ENDNOTES, December 2018
Endnotes, December 2018; in this edition, orchestral works by Gerald Finzi and Kenneth Hesketh, reviewed by Stuart Millson
The longing which infuses Vaughan Williams’s Fifth Symphony and the mysterious romanticism of John Ireland combine in the music of Gerald Finzi (1901-56). Newly issued from Chandos Records comes a Finzi collection – the Cello Concerto, Op. 40 written at the end of the composer’s life, but contrasted with three other notable pieces, the gentle, pastoral Eclogue,Op. 10 (with Louis Lortie performing the piano part of this miniature concerto), the Nocturne, and the Grand Fantasia and Toccata from 1928. For the Cello Concerto, we have the BBC Symphony Orchestra under Sir Andrew Davis in splendid form; providing the delicate sighs and interplay between orchestral principals and sections, and the cello soloist, Paul Watkins, the former lead cello of that orchestra.
The first movement of the work is a lengthy, endearing dialogue between soloist and ensemble, tinged by a soft evening glow of English impressionism. There is a dramatic, purposeful section close to the end, with its sense of striding across down land or looking out on a magnificent, but disturbing landscape. The second movement – the most famous part of this under-performed work – is one of the high-points of English romanticism: bringing to mind the heartfelt opening of Brideshead Revisited or a more general sense of classical nostalgia or remembrance. The conductor, Sir John Barbirolli, charged with the premiere of the work in 1955, wrote to Finzi:
“I felt tears in my eyes in the slow movement. There are only a few moments in music which do that… I can assure you, you are in good company.”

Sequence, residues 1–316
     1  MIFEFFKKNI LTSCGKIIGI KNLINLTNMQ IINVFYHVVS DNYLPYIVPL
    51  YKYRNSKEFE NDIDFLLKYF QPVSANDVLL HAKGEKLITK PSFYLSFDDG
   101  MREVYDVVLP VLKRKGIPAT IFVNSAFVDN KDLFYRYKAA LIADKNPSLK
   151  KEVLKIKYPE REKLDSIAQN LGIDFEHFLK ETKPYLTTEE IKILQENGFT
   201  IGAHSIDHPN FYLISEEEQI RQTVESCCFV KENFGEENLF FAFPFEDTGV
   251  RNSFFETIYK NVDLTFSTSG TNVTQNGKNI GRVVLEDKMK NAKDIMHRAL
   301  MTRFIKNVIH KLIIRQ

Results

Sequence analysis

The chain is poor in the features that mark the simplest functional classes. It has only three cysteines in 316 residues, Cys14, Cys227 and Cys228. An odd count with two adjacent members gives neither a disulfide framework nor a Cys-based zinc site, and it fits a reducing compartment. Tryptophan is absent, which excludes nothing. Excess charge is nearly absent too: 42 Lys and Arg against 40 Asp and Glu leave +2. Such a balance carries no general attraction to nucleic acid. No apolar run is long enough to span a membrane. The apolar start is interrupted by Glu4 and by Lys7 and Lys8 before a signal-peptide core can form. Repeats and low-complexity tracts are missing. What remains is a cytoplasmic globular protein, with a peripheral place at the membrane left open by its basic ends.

And yet despite the new CD offering the very finest musical and recording experience, herewith one or two reservations. For all its satisfying qualities, the Concerto– when compared to an earlier Chandos production featuring Vernon Handley and the Royal Liverpool Philharmonic – lacks emphasis, especially in the outer movements. For example, the exhilaration of the “outdoor” section, when compared to Handley and the RLPO, comes over as less “commanding” and memorable. The slow movement, too – although hushed and full of reverence under Sir Andrew Davis – needed to unfold more slowly. Handley’s version also suffers from a tendency to take the opening too quickly; and for those of us fortunate enough to have been there some three years ago at the English Music Festival, the most perfect tempo – which even achieved a grandeur as well as an intimacy – was provided by Martin Yates and the BBC Concert Orchestra, with Raphael Wallfisch the perfect soloist.
Finzi’s Eclogue also delights the ear, but again – Davis and Lortie do not seem to believe in lingering over this work, which deserves to be savoured and played without reference to time and tempo.
Time is very much a preoccupation of Kenneth Hesketh (b. 1968) – a modern British composer who, more than any other contemporary voice, with the possible exception of the late Oliver Knussen, relishes the sound of a full orchestra, in this case the BBC National Orchestra of Wales under the direction of Christoph-Mathia Mueller. Recorded at the BBC’s state-of-the-art symphonic centre, Hoddinott Hall in Cardiff, the Corporation’s Welsh National Orchestra proves itself every bit the master of contemporary music – rivalling the BBC SO in London, with a performance style, fully immersed in British modernism: shimmering, metallic effects and stretched tonality shining through brilliantly in the recording, with Hesketh’s audacious, yet still accessible ideas taken up with persuasive vitality and commitment.
Of Time and Disillusionment, a work written two years ago – stands out; its remarkable textures, enhanced by an other-worldly atmosphere of percussive ringing. In Ictu Oculi– in the blink of an eye – is an exercise in superb orchestration, the composing instinct and mind allowed to grasp new ideas and notation, and in terms of imagination and sheer craftsmanship, alone, would be enough to endear modern music to the most diehard conservative or tonalist.
The cover of the CD offers a somewhat disturbing close-up shot of the human eye – but it is exactly the right choice of artwork: Hesketh’s music is razor-sharp, with a definition and all-seeing power. A musical voice to be reckoned with.
Finzi collection, catalogue number, CHSA 5214
Kenneth Hesketh, cat. 0092
Stuart Millson is Classical Music Editor of Quarterly Review